62 Tasting Notes
This is the third of the three teas that I recently purchased from Den’s tea and this is by far my favorite of the three. Of course that is a slightly unfair comparison because the other two were senchas, and I am a much bigger fan of gyokuro, but I felt that the two senchas really did not have that much flavor.
Regardless, this gyokuro has the sweet/bitter combination that you expect out of a gyokuro, but it also has an interesting note of pine tree after the initial burst of flavor.
Tangerine Blossom is a black tea that is made from Shang’s white tea leaves and scented with tangerine blossoms during the oxidation.
This is a pretty good tea, although it leaves something to be desired. Certainly it has one of the most rich, tangy, and citrus filled aromas that I have ever encountered, however the taste falls a few steps below the aroma. Certainly it is still very good, but disappointing based on the aroma.
I steeped this 6 times with 4 g of tea per cup of water.
Here’s the second of three teas that I recently purchased when Den had a sale of a few of his teas. I brewed this in a 4 oz Kyusu that I purchased from Yuuki-Cha, and I followed Den’s instructions for the first steeping (160 degrees, 30 seconds, 1 teaspoon or 3 grams for me).
As with the sencha that I had yesterday, I really don’t feel like I’m getting the full array of vegetal and seaweed tones that I typically get from my other senchas. This certainly isn’t a bad tea per se, but there is nothing special about it. I did enjoy this one a little bit more than the sencha-ryoku I had yesterday, and this tea also had a beautiful emerald green brew.
Next time I think I am going to try steeping perhaps with 4 g of tea for the 4 oz of water. Den recommends a teaspoon (I’m guessing 2-3 g here), but perhaps i need to try a little more and see if that gives me the taste I’m looking for.
One herbal tea that I rarely see reviewed on steepster is yerba mate. Perhaps the taste of yerba is so radically different from actual tea that most people just don’t drink much of it.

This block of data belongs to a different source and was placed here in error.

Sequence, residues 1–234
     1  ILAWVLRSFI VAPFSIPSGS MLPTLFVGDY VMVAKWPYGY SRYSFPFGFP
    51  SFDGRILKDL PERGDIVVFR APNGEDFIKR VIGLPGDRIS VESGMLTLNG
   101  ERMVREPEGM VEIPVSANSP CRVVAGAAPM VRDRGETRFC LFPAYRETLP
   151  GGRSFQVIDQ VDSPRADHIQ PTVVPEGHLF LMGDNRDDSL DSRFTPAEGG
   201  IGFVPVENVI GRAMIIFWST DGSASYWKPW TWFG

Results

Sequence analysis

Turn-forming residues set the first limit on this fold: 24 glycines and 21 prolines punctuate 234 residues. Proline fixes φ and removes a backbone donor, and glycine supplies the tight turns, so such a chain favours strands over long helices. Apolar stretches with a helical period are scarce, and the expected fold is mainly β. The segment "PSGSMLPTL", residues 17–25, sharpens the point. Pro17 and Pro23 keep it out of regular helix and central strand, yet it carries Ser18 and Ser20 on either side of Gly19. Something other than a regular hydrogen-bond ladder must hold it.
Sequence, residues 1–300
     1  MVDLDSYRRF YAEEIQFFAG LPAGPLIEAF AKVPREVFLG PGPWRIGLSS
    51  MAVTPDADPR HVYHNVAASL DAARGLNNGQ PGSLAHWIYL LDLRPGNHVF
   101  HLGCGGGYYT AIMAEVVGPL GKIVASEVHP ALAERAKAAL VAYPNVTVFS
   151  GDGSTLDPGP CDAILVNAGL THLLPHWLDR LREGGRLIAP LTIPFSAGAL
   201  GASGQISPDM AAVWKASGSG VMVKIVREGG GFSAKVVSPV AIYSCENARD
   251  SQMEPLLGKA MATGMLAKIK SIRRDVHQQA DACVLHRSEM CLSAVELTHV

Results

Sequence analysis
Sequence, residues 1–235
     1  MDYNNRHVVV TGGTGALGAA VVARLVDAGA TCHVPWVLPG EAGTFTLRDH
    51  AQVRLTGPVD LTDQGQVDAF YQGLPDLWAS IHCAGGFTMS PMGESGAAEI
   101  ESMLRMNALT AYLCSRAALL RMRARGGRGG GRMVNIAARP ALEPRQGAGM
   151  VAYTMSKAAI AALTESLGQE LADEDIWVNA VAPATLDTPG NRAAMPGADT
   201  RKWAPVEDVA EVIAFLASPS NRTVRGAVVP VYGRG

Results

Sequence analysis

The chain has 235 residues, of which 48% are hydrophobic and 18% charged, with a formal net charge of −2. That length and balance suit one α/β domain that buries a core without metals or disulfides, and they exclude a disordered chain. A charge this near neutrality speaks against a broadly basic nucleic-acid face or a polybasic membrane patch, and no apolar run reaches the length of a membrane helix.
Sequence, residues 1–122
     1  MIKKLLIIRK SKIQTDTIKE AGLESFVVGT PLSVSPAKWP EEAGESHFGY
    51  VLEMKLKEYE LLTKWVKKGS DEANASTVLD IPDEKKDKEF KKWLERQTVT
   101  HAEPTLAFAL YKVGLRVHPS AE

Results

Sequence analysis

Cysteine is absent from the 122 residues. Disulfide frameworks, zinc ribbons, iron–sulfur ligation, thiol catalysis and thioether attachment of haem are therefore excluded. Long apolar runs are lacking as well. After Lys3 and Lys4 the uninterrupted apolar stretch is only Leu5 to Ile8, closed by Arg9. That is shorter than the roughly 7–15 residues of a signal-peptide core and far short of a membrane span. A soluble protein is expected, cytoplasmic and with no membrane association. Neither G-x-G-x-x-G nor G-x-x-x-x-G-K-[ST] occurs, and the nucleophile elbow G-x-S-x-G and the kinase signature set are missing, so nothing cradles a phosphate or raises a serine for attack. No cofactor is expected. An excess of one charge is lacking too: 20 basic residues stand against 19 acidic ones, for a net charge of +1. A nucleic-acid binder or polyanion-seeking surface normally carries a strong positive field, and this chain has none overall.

Anyway, before I started drinking tea, I drank a lot of yerba. I was introduced to the fantastic beverage by an Argentinian counselor at a spanish camp I attended in Bemidji, Minnesota. The counselors and the campers would often drink a round of yerba (as is customary in many Latin American countries) during the day to enjoy each others company and feel the soothing and uniting effects of the yerba.
I tried all types of different brands of yerba during this time, canarias, cruz de malta, rosamonte, amanda, la hoja, taragui, la merced, guayaki, etc. In particular, I enjoyed cruz de malta and rosamonte.
I also found a site called aviva. Whereas most yerba is grown on farms, aviva’s main yerba mate product is harvested from the forest where it grows in the shade. This gives it a much smoother taste without as much of an aftertaste that most people do not enjoy when they first try yerba.
Recently Aviva also began selling this product that I am reviewing today, an unsmoked yerba mate. In the traditional preparation of yerba mate it is typically exposed to some smoke and fire while deactivating the enzymes. In this one though they avoid that exposure giving this yerba a much less smoky taste and also a smaller after taste. It still has a very grassy taste like all yerba, but the flavor is more consistent and smooth.
I typically steep my yerba in a traditional gourd because I think it has the best taste. In a gourd I can typically resteep my yerba 15-20 times before it loses most of the flavor.
I’ve never really liked jasmine because I always felt that the jasmine was too overpowering and completely ruined the gentle nature of the underlying teas that I was drinking.
Then I actually found some good jasmine tea that is scented properly and enhances rather than detracts from the overall taste and quality. This jasmine is created with silver needle tea buds and has a very consistent light flavor that reaches a peak by the 2nd-3rd steeping.
I highly recommend this tea!